Over the month of February Samara will be presenting blog entries from MPs, Samara readers, partners, community leaders and citizens from across the country on how we can “Redesign Parliament” to more ably serve Canadians in the future.
Each week we’ll explore a particular theme or two and then offer deeper dives by individual writers. The introduction to this week’s theme is brought to you by Samara volunteer Steven J. Lee.
One area that received a great deal of attention from our bloggers was how to encourage the “citizens’ voice,” ensuring the public’s interests, desires and demands are represented in parliament.
Many contributors offered some suggestions for direct democracy—letting citizens have a meaningful say on laws and policies. Citizens’ assemblies, citizens’ initiatives,referenda and recalls could all be part of a process to make sitting MPs and governments more responsive to the needs of the populace. A few of these ideas will be explored in greater depth throughout the week.
One of the most common suggestions to enable citizens’ voices to be heard was electoral reform. Elections are when citizens exercise real political power over their elected leaders, and advocates of electoral reform suggest that a reform of the system would shift greater power to the citizens. In Canada we use a single-member plurality system, more commonly known as first-past-the-post (FPTP) to determine the winner.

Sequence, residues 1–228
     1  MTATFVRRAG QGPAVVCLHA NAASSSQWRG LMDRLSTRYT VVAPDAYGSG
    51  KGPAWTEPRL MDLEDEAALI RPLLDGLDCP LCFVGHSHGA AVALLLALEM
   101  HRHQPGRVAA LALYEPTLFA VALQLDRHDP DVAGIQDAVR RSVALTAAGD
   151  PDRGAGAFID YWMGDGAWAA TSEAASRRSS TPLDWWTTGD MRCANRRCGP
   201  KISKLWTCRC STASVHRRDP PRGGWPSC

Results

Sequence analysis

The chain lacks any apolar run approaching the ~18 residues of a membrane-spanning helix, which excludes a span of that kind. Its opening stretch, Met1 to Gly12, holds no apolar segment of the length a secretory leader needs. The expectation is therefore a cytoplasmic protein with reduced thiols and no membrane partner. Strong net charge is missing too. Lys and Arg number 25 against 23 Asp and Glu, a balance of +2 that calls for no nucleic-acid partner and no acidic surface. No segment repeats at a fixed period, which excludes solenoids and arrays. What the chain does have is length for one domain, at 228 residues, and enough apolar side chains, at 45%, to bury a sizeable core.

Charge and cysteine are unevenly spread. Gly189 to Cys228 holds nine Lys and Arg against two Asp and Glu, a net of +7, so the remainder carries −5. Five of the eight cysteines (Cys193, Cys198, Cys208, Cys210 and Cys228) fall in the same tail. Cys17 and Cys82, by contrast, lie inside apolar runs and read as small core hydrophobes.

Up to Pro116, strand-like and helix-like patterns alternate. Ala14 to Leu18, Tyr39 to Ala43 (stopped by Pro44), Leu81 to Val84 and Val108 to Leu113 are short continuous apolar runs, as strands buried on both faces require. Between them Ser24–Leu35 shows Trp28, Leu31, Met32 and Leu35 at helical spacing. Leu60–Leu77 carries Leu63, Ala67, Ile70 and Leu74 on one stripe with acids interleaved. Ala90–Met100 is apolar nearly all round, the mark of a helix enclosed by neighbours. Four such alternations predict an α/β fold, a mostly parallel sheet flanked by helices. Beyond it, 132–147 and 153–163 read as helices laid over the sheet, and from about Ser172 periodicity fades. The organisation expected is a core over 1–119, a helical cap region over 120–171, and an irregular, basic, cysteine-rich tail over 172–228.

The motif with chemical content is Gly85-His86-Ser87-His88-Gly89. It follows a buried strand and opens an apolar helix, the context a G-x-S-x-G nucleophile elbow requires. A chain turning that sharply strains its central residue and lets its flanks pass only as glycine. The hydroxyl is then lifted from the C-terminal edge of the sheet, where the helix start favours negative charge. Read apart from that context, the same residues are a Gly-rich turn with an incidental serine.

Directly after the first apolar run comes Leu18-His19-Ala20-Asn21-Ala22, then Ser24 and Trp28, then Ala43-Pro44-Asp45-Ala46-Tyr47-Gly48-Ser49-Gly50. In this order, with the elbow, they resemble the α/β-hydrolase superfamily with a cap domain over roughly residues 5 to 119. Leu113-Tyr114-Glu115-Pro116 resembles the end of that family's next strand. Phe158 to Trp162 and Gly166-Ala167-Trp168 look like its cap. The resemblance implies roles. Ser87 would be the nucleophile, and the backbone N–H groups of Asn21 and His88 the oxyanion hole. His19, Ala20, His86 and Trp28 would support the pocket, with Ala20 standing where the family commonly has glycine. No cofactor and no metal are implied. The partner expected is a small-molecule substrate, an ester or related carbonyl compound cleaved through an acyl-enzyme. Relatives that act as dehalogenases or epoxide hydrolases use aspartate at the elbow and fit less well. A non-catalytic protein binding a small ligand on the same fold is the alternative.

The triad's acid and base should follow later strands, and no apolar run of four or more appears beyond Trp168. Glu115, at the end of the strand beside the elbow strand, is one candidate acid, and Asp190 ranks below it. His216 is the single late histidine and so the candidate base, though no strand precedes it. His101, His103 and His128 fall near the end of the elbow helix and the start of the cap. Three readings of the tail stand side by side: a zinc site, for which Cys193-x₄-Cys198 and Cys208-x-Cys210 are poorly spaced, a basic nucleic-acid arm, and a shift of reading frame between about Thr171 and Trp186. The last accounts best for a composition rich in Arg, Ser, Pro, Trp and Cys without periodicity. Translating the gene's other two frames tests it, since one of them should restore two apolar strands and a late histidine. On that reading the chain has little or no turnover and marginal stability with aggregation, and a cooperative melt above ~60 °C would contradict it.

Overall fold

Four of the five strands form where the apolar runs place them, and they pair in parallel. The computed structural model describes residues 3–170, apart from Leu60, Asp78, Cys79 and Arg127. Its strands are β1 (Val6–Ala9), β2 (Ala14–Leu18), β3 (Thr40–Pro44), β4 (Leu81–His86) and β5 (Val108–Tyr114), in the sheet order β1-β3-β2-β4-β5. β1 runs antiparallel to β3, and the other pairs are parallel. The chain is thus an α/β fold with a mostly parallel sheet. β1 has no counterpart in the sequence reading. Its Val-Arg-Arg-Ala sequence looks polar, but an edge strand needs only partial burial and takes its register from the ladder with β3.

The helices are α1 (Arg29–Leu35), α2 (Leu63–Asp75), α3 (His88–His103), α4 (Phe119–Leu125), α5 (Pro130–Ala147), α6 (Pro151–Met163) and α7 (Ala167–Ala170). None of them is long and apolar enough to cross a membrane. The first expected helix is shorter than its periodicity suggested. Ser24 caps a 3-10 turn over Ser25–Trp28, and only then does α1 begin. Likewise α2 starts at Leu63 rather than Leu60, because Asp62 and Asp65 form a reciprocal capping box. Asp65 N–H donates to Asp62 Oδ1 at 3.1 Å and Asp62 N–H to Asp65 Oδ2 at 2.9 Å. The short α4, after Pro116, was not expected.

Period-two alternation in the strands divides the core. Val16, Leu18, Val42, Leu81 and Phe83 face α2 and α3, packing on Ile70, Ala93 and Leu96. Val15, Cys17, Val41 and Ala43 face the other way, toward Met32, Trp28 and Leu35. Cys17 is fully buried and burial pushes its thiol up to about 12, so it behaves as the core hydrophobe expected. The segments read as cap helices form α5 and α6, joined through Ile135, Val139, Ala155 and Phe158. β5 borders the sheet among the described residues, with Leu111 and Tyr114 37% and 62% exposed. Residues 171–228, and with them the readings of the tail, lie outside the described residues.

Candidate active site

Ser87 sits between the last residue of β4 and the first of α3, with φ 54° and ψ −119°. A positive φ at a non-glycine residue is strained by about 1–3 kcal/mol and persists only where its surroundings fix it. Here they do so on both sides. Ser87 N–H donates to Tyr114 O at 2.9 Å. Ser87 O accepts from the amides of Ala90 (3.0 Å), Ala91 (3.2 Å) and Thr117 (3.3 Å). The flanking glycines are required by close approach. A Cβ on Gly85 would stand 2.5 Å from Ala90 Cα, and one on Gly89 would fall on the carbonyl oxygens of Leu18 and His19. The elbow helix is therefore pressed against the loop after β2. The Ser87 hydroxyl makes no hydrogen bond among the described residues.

Laurin Liu NDP MP for for Rivière-des-Mille-Îles, QC summarized it as follows, “I’ve been hearing at the doorstep and on university campuses that Canadians want a Parliament that better reflects the choices that voters make at the ballot box.” What Ms. Lui is referring to is the difference between the share of the popular vote and the composition of our House of Commons.
Samara received feedback from quite a few contributors that cited proportional representation as the best method to help improve parliament.
Let the House Reflect the Population
Seats could be redistributed to better reflect the Canadian population, increasing representation of those from particular groups, gender, ethnic background, region of residence, and others.
Despite the fact that we now have six female premiers in Canada the vast majority of the legislators are male. Quebec does the best with 33% female representatives. The House of Commons sits at 25% women. Later this week Nancy Peckford of Equal Voice will offer her ideas on equal representation for women.
When Samara put out the question of how to redesign parliament, several people responded that Parliamentary abuses happen because Canadians are not aware of their own governing system and traditions. A key point for many was the need for better civic education in Canada. Likewise, MPs need to have better training for their roles and responsibilities.
These are just some of the most common ideas that we heard over the last month as you sent us your suggestions on redesigning Parliament. An overwhelming number of responses focused on the need for greater citizen participation, and new ways to have the citizens' voice heard.
Over the next week, we’ll be sharing those responses with you with a new blog post each day. Sign up for the blog, or follow the series on #fixparl.